There has been a recent increase in pilots reporting such encounters. Possible explanations include that a cultural change has resulting in increased reporting, even though the underlying phenomenon is stable. Or, there may be an increase in our ability to detect whatever it is that is going on. Perhaps most likely, there is something new going on, triggering real sightings.

Just as with the astronomy analogy, history is a guide here. The number of UFO sightings have been generally increasing over the last 70 years, tracking with the increase in satellites and aircraft. The more stuff we put into the sky, the more people see stuff they can’t identify. When lighting floating candles became popular, they sparked a new wave of UFO sightings. Ultralight aircraft caused another wave, as did mylar balloons.  Certain kinds of satellites that produce visible phenomena create new types of sightings.

So if there is a genuine new phenomenon going on that is resulting in an increase in pilots reporting seeing unknown aerial phenomena, history indicates that the most likely cause is a change in terrestrial technology. Interestingly, the author may have hit upon the cause – drones. The presence of drones in the sky has dramatically increased in recent years.

Regardless of what the Navy finds when they explore this question, I agree that there absolutely should be no stigma attached to reporting that you saw something you could not identify. There are four classes of phenomena that our military and security communities would benefit from understanding. One is neurological and psychological causes of misidentified perceptions. Pilots are still humans, with flawed perceptual systems, ones that are not necessarily adapted to the flying environment. Pilots and the people they report to need to know all the various ways in which their perceptions can fool them.

Second, we need to have a thorough understanding of all the benign terrestrial phenomenon that might interact with military and commercial air flight. If, for example, there is a dramatic increase in private or commercial drone operation, that will likely have implications for air travel.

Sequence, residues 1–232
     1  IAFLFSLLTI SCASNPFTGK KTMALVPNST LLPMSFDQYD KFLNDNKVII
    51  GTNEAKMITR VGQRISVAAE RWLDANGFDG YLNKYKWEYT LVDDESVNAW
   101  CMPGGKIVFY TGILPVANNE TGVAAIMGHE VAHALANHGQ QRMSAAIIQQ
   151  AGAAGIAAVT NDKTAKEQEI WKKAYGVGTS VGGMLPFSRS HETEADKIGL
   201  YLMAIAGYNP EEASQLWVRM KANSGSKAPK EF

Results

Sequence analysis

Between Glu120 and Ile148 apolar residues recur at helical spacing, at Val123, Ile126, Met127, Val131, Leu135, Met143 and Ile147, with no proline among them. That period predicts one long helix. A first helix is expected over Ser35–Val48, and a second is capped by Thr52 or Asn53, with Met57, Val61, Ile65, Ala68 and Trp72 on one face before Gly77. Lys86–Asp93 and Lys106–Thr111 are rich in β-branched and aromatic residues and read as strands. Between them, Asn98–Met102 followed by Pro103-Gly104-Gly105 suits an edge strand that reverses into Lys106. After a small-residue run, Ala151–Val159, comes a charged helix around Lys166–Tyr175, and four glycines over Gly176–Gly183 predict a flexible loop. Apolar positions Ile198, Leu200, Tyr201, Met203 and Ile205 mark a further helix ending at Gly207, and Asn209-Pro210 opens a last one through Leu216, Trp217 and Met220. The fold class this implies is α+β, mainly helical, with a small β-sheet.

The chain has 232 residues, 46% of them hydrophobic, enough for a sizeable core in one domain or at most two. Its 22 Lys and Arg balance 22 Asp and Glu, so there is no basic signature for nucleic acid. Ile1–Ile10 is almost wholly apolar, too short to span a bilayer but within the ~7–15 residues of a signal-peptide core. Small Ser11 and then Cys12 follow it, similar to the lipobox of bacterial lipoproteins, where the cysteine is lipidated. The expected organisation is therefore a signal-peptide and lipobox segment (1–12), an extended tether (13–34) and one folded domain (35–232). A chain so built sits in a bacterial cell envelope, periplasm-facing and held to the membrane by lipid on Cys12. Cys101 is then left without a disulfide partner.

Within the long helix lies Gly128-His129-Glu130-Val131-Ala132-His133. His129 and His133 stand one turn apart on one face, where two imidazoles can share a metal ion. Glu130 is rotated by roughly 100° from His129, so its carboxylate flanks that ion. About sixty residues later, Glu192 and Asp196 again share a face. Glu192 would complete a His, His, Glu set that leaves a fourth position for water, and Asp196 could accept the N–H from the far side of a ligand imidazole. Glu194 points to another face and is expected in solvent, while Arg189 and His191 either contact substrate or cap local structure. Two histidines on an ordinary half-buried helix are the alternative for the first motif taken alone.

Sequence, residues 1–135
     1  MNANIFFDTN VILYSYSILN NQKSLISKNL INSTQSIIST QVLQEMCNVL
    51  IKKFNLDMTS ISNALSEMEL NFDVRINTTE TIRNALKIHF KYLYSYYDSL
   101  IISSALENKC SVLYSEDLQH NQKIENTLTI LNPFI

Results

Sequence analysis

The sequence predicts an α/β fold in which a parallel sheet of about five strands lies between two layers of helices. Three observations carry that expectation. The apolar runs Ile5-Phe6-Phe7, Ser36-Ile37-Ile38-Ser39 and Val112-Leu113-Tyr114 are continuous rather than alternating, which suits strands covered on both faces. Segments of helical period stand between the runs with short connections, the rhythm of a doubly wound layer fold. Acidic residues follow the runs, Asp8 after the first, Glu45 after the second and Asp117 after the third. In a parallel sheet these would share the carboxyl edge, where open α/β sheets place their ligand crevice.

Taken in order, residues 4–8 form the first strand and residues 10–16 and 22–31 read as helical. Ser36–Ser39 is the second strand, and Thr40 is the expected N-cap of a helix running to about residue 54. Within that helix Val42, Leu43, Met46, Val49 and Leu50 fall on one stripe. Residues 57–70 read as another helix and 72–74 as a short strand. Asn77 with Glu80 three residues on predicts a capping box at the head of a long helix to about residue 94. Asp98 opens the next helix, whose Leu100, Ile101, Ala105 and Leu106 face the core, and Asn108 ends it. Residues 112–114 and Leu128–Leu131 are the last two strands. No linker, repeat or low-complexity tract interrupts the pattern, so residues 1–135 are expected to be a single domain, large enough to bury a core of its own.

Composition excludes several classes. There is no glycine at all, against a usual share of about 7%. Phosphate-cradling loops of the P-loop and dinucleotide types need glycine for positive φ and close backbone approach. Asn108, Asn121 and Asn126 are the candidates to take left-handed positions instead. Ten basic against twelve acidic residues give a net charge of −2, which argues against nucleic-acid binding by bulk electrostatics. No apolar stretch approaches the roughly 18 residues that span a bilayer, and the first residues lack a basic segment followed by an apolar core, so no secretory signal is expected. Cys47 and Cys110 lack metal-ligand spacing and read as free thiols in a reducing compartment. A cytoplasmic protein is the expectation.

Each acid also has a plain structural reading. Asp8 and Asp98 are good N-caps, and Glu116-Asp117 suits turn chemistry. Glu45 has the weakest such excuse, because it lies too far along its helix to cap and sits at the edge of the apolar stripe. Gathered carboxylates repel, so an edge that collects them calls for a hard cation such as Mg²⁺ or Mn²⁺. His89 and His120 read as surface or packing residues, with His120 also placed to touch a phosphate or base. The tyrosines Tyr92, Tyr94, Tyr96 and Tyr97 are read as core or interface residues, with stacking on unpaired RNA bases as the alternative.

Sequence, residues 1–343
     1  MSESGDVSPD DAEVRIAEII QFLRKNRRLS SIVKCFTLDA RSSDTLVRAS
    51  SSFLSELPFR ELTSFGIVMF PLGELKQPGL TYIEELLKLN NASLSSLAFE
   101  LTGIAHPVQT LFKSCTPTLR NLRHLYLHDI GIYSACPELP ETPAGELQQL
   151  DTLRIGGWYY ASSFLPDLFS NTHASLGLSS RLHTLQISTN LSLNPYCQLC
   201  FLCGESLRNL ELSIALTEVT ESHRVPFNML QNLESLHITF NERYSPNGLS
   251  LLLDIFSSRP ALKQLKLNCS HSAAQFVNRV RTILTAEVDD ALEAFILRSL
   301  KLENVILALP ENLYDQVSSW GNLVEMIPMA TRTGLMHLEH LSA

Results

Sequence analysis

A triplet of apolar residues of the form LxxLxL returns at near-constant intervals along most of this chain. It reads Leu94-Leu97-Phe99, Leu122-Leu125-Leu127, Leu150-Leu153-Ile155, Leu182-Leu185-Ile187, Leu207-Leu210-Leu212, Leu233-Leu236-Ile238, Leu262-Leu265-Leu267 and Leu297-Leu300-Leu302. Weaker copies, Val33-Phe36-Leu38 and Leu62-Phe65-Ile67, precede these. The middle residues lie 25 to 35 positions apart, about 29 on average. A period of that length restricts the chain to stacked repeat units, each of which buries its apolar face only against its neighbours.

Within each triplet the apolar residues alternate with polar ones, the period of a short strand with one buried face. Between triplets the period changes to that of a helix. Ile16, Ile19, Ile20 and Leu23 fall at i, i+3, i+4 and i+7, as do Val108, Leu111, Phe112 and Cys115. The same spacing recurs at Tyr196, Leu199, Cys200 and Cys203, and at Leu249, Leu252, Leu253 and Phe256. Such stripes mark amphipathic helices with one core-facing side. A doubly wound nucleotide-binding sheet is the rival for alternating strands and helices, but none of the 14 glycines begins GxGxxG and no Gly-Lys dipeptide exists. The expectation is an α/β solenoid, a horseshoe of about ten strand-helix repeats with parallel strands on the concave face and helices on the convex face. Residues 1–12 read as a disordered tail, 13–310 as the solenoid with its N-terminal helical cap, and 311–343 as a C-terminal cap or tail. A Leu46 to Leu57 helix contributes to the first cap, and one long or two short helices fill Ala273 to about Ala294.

Third, there may be hostile terrestrial phenomena that we certainly need to know about. The military is already acutely aware of this, and often this is the reason for secrecy surrounding UFOs. Hostile foreign governments may be testing our air defenses, or exploring new methods for spying. Also, sometimes our own spying efforts, or testing of new military craft, result in UFO sightings. In fact for a time the airforce allowed and even encouraged the equating of UFOs with aliens, because it was a huge distraction from the reality that people were occasionally seeing their secret test aircraft.

And finally, there is a non-zero probability that one day a new phenomenon will indeed be alien in origin, or represent some other entirely new phenomenon that expands our understanding of the universe. The unknown always carries with it that possibility. But this last possibility is the zebra, it is the rare disease or the black swan. It may exist, but needs to be put into perspective – this is the least likely possibility by far, and should not distract from all the far more likely explanations.

So yes, let’s remove the stigma from UFO reporting, partly by distancing such sightings from automatically being equated with aliens.